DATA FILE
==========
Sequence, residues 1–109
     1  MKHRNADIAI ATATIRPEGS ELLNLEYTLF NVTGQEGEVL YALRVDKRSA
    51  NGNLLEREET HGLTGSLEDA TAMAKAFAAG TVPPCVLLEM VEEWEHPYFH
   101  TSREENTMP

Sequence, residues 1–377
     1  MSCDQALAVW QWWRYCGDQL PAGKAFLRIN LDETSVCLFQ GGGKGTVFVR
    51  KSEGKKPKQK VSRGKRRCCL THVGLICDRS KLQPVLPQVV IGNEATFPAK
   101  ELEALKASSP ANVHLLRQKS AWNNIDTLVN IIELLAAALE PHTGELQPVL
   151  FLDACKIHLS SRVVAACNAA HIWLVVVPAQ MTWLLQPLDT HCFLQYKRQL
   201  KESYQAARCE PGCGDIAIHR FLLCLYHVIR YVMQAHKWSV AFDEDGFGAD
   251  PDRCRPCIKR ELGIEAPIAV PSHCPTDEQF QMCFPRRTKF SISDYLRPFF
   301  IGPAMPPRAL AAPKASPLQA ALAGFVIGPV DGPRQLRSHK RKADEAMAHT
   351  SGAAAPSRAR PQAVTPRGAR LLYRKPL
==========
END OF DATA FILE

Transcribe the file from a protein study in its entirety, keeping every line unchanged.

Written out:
Sequence, residues 1–109
     1  MKHRNADIAI ATATIRPEGS ELLNLEYTLF NVTGQEGEVL YALRVDKRSA
    51  NGNLLEREET HGLTGSLEDA TAMAKAFAAG TVPPCVLLEM VEEWEHPYFH
   101  TSREENTMP

Sequence, residues 1–377
     1  MSCDQALAVW QWWRYCGDQL PAGKAFLRIN LDETSVCLFQ GGGKGTVFVR
    51  KSEGKKPKQK VSRGKRRCCL THVGLICDRS KLQPVLPQVV IGNEATFPAK
   101  ELEALKASSP ANVHLLRQKS AWNNIDTLVN IIELLAAALE PHTGELQPVL
   151  FLDACKIHLS SRVVAACNAA HIWLVVVPAQ MTWLLQPLDT HCFLQYKRQL
   201  KESYQAARCE PGCGDIAIHR FLLCLYHVIR YVMQAHKWSV AFDEDGFGAD
   251  PDRCRPCIKR ELGIEAPIAV PSHCPTDEQF QMCFPRRTKF SISDYLRPFF
   301  IGPAMPPRAL AAPKASPLQA ALAGFVIGPV DGPRQLRSHK RKADEAMAHT
   351  SGAAAPSRAR PQAVTPRGAR LLYRKPL